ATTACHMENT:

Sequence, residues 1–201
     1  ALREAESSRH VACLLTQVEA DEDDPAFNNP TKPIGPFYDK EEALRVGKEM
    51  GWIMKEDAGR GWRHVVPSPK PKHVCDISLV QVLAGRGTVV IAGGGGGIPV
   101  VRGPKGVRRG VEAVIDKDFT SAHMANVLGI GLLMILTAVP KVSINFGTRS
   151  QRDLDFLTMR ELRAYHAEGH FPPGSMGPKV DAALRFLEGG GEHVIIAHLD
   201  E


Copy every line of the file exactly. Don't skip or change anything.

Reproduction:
Sequence, residues 1–201
     1  ALREAESSRH VACLLTQVEA DEDDPAFNNP TKPIGPFYDK EEALRVGKEM
    51  GWIMKEDAGR GWRHVVPSPK PKHVCDISLV QVLAGRGTVV IAGGGGGIPV
   101  VRGPKGVRRG VEAVIDKDFT SAHMANVLGI GLLMILTAVP KVSINFGTRS
   151  QRDLDFLTMR ELRAYHAEGH FPPGSMGPKV DAALRFLEGG GEHVIIAHLD
   201  E